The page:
Eric Hewer’s brother says he accepts the 19-year-old shared guilt in a quarrel with three teenage boys in July, but questions why it might cost him his life.
Eric was out celebrating his 19th birthday with a friend in Ottawa on the warm evening of July 26, when a confrontation with three teenagers on e-scooters — 15, 16, and 17, respectively — broke out when Eric’s friend did what police said was a driver error and they began chasing each other over a number of blocks.
It escalated into a physical confrontation among the teens and ended with Eric stabbing in the stomach and through the heart. He died almost instantly.
Ottawa homicide police announced Wednesday that they would not charge the 16-year-old boy who stabbed Eric to death and said they believe the teenager acted in self-defense.
“All parties involved played a role in Eric’s death, including him,” said his brother, Brendon Hewer.
Brendon, 27, said he would not defend his brother’s actions, but wondered if there would have been a different outcome if one of the teens did not have a weapon.
“I really think that if he did not carry a knife that day, that this would simply have been assault applications, probably on both people, because everyone had the opportunity to leave, everyone was pursuing each other, and Eric was the one who paid the ultimate price. , “he said.
Teenagers continued quarrels in 20 blocks
Brendon said he was kept up to date by the chief murder detective about the case, right up until police decided not to pursue charges after consulting prosecutors.
The following is an account of what happened that night, gathered in detail from information from Brendon and from sources with knowledge of the case.
It started as a case of what some might call “weather race” between people who had to share the road.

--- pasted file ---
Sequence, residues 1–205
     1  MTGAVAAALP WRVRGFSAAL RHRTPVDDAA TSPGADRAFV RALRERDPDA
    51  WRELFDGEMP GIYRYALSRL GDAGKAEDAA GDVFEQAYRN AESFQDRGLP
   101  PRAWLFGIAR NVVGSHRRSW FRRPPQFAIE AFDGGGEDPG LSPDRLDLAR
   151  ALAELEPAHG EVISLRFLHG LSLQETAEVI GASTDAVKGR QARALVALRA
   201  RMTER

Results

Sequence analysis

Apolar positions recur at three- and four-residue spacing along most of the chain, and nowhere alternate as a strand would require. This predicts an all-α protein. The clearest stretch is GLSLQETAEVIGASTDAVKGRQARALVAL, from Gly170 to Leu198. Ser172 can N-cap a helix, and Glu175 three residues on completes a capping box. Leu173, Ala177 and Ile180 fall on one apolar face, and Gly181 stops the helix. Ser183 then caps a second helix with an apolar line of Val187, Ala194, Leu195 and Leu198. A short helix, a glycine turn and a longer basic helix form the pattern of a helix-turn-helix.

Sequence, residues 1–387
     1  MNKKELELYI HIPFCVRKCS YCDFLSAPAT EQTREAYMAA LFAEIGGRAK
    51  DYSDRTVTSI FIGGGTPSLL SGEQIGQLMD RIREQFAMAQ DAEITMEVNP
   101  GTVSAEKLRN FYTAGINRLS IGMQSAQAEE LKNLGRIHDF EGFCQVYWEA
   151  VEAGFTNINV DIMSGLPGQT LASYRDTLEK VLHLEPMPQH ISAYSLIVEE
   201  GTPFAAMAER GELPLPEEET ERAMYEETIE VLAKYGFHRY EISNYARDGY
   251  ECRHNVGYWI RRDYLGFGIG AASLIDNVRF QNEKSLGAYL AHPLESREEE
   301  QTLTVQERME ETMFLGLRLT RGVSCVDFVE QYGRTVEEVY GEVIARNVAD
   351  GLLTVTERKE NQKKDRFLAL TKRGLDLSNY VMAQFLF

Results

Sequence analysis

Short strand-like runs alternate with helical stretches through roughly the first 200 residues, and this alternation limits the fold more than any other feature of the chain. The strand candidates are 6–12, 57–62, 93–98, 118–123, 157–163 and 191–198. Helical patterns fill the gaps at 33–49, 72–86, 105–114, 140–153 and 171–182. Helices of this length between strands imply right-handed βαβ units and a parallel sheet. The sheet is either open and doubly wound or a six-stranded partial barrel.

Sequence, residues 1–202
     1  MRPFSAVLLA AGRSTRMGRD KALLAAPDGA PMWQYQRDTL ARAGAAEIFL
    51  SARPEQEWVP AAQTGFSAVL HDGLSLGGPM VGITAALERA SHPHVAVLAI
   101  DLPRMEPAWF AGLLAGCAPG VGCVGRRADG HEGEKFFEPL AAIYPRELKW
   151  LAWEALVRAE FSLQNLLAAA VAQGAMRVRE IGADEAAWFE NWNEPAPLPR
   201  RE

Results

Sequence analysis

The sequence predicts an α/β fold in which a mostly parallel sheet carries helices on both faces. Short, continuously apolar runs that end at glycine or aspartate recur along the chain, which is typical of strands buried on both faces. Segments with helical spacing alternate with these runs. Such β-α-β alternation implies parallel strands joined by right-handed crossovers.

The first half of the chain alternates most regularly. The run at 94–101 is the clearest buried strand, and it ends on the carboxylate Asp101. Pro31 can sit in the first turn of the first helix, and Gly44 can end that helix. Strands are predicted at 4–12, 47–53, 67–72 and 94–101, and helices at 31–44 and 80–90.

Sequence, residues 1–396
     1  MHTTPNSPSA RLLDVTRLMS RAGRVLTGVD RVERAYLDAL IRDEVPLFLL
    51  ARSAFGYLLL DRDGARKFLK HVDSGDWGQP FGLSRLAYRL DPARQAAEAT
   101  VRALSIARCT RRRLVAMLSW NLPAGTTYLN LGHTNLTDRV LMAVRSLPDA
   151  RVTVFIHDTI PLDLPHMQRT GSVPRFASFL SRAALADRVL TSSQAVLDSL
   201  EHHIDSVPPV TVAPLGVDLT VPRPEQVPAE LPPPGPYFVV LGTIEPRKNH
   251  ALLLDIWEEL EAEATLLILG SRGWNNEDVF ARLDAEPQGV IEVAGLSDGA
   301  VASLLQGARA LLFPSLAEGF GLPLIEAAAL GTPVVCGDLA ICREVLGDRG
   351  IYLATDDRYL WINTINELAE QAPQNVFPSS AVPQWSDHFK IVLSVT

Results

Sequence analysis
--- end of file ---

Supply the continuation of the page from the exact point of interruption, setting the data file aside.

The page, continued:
The altercation between the two groups began, according to sources, after the teens jumped on e-scooters in the direction of Rideau Station from Lansdowne.
According to Brendon, Eric was driving as a passenger in the car while his friend, who was also injured in the double stabbing, was driving in the car. CBC News does not name the friend.
Brendon said he was told by police that the two groups first collided after a driver error from Eric’s friend that triggered 20 blocks of continuous back-and-forth confrontation between the teens on the scooters and the men in the vehicle.
CBC News has not heard the teens’ accounts nor been able to contact their lawyers.
It back and forth included the scooter riders who interrupted the vehicle, insults and curses thrown from both groups, a verbal confrontation that saw Eric get out of the car before returning, as well as an attempt by Eric’s friend who was driving the car to turn around. and leave, Brendon said.
The assailant fled, but returned to defend the friend
Eventually, both groups came to the Metcalfe and Albert streets area, where Eric and his friend got out of the car after teens made a gesture that threatened to throw stones at the vehicle, Brendon said he was told by police.
The two men approached one of the teens and physically assaulted him, he said. His brother punched the 17-year-old in the face and was met immediately in return, Brendon said. Eric and his friend then had one of the teens on the ground, that was when Eric’s friend kicked the teenager in the shoulder, Brendon said.
According to sources, the 16-year-old boy fled when the physical confrontation began, but returned after seeing his friend beaten.
Brendon says he was told by police that the 16-year-old pulled a “pocket knife,” a single-bladed folding knife, and stabbed Erik’s friend in the stomach. Eric, with swollen fists, then turned to the 16-year-old, who then stabbed him once in the stomach and once in the chest, Brendon said.
Both Eric and his friend were unarmed, Brendon said. He does not want his brother remembered as a violent monster and instead calls it a tragedy with five teenagers.
“He made a mistake that day, but everyone else did, and he did not deserve to lose his life,” Brendon said.
‘He did not have to die’
Since 2016, Ottawa police have refused to prosecute in only two homicide cases because they concluded it was a case of self-defense, according to CBC records of all Ottawa homicide cases and charges.
Detectives consulted with prosecutors Wednesday and told Brendon that even if they would prosecute, there would be no reasonable prospect of conviction, he said.
Brendon said it is tragic to believe that his young brother’s life was shortened just as it began. He had worked at a local hardware store in Nova Scotia, where there are few opportunities to work, when he decided to move to Ottawa to start a new job. A move that Brendon also once made with the same goal.
“[Eric] went away to improve his life and make good money, “said his brother.” It’s just a tragedy. And he did not have to die that day. He did not have to die.
“Everyone lost that day, including the person who stabbed my brother. No one won.”